This study examines a number of previously overlooked or undervalued women detective fiction writers of the late 19th and early 20th centuries and traces their relationship to later women writers who shaped the future of the genre like Dorothy Sayers and Agatha Christie. Creating female detectives and employing these narrative strategies helped women writers establish professional authority by providing them with ways of expressing their ability to write in this genre and adapting it as a vehicle for women's writing. Many critics have dismissed these early detectives as conventional, ignoring the genre's rich variety. Yet female fictional detectives appear as both paid professionals and gifted amateurs: single, married, widowed: older spinsters and young adventurers: detecting for pleasure and to clear their own or a loved one's name. In choosing to create female detectives who were both varied and unusual, women writers confronted some of their own literary anxieties and ultimately were able to explore the ways they would create new routes to women's authority within a male-dominated culture and specifically in the genre of detective fiction.
This work examines how lesbian detective fiction represents lesbian characters within the confines of the genre. As this book points out, such fiction reveals the lesbian's increasing visibility in the wider society. But it can still be difficult to find a representation of lesbian life in mainstream literature. Often the best place to find the lesbian represented in books is within the pages of genre fiction, especially the detective story. This book looks at how the lesbian characters’ public and private lives intersect, often at the point of coming out, or of moving from isolation to connection with the community. The author also looks at the use of violence and the acquisition and expression of authority within police systems.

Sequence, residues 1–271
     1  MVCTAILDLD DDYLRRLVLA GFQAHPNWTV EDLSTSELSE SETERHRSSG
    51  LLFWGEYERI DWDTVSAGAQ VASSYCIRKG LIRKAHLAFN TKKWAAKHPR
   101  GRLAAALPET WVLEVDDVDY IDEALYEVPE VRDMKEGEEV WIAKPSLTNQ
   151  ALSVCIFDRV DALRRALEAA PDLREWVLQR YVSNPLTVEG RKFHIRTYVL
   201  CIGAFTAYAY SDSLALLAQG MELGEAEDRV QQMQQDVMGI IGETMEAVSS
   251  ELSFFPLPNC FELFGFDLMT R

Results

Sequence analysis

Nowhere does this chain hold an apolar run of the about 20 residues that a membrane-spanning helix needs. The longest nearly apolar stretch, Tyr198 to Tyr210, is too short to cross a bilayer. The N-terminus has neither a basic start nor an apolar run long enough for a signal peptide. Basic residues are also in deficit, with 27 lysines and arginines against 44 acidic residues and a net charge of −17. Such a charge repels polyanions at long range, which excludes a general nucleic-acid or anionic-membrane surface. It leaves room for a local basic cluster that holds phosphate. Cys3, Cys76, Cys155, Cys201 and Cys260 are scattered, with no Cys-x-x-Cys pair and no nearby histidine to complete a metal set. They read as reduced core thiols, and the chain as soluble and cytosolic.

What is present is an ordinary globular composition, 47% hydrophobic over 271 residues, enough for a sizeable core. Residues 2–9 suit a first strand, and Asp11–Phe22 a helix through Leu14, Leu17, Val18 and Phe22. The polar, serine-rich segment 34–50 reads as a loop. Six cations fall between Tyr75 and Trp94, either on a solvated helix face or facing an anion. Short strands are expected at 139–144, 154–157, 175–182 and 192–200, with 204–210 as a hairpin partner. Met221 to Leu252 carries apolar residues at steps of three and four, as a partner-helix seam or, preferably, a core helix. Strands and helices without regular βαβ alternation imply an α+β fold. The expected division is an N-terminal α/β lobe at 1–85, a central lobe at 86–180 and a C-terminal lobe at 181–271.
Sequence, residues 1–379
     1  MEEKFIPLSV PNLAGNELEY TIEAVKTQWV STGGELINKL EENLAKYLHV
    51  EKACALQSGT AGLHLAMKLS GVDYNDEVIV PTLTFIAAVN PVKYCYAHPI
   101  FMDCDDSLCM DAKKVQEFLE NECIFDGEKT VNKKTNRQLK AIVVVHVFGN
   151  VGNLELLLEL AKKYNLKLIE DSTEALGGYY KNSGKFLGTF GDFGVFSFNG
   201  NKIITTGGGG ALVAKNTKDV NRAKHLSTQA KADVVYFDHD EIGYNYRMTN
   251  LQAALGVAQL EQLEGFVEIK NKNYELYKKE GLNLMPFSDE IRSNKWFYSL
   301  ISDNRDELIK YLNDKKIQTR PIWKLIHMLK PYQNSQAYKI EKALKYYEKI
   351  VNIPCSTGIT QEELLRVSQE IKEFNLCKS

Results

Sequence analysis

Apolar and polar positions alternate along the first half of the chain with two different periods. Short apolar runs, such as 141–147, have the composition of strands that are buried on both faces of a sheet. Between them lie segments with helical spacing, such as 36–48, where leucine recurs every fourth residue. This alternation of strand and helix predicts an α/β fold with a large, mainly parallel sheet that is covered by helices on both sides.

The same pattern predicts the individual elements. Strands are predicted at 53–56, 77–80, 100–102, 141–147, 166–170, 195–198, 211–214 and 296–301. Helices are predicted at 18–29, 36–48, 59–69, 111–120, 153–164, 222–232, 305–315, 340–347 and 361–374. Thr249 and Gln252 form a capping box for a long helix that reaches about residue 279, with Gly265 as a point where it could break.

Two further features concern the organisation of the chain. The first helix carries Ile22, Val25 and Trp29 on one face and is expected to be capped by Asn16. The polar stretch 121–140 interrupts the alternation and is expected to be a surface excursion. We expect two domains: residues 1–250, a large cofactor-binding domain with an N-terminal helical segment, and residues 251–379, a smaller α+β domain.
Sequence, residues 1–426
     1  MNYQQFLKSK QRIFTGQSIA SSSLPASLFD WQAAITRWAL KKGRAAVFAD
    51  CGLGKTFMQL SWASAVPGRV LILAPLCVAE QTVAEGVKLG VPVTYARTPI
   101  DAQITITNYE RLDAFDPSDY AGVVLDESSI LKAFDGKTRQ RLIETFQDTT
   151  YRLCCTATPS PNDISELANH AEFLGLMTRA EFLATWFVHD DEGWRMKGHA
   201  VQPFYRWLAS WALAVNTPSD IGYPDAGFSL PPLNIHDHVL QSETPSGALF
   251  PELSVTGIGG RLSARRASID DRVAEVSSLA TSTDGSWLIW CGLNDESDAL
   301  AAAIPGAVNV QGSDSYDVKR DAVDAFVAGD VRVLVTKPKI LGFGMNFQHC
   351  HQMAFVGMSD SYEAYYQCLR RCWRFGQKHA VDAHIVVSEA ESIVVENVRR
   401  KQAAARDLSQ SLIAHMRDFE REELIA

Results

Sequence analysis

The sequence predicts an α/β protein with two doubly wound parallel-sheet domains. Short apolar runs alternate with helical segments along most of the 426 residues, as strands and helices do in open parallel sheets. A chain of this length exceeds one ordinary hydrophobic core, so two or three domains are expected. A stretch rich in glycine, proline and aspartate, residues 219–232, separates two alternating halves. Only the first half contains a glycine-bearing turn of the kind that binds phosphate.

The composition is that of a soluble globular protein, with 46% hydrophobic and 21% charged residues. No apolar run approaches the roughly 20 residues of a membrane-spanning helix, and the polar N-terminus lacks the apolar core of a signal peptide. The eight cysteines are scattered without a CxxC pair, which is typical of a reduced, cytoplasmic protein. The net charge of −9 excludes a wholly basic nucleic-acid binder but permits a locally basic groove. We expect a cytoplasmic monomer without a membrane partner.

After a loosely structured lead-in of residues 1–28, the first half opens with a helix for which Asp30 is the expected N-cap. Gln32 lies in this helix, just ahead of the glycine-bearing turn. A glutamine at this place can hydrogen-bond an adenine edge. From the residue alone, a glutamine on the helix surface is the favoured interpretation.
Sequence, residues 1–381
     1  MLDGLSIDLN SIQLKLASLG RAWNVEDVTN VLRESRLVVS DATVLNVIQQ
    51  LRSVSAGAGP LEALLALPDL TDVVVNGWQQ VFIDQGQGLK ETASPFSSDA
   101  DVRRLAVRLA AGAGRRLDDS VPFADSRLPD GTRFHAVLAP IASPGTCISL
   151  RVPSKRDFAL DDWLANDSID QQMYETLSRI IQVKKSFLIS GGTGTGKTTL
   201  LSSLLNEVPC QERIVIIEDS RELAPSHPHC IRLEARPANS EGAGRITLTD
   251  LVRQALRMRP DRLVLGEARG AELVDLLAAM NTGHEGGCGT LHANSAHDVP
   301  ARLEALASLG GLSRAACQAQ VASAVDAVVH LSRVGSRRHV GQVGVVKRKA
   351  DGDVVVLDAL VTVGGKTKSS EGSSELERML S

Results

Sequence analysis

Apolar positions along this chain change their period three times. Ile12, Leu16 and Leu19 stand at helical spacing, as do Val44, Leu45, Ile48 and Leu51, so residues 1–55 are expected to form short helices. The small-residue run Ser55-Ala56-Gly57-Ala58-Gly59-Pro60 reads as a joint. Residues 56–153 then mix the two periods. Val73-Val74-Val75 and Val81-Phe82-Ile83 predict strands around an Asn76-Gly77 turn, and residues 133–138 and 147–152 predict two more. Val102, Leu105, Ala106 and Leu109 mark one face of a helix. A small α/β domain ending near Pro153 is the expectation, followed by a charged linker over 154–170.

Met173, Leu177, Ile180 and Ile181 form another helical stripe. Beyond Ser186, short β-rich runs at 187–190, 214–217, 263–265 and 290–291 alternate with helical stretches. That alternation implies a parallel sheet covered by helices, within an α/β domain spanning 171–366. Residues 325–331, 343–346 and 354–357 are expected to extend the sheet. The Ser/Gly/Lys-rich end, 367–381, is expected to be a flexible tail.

La Plante produces award winning crime series, that frequently tackle controversial and difficult themes like pornography, paedophilia and serial murder. Integral to an understanding of her work is her status as a professional writer and producer in the television industry.
This critical study explores late twentieth century novels by women writers —including Doris Lessing, May Sarton and Barbara Pym— that feature female protagonists over the age of sixty. They break the silence that normally surrounds the lives of the aged, and this book investigates how older female protagonists are represented in relation to areas such as sexuality, dependence and everyday life. The text reviews literary critical attitudes toward fictions of aging: analyzes representations of physically dependent characters, whose anger over their failing bodies is often eased by relationships with their female friends: discusses how paradigms of female sexuality exclude the possibility of older women being sexually desirable: examines characters that live a contented life, finding a more polemical side to them than is noted in more conventional literary critiques: and analyzes the aged sleuth in classical detective fiction.
The authors discuss Agatha Christies novels in chronological order of publication, with a summary of the plot-line and, in the case of the more famous books, bibliographical data, background information on Christie's life, an account of the books' reception by readers and the press, and details of subsequent films and TV series. Richly illustrated.
Detective fiction featuring white women and people of colour, such as Barbara Neely's Blanche White and Walter Mosley's Easy Rawlins, has become tremendously popular. Although they are considered 'light reading', mysteries also hold important cultural and social 'clues'. Race is both a cultural fiction and a central organizing principle of experience. Reddy explores the ways in which crime fiction manipulates cultural constructions such as race and gender to inscribe dominant cultural discourses. She notes that even those writers who appear to set out to revise outdated conventions repeatedly reproduce the genre's most conservative elements. Reddy states that the greatest obstacle to transforming fiction, is the fact that the genre itself is deeply embedded in the discourse of white (and male) superiority.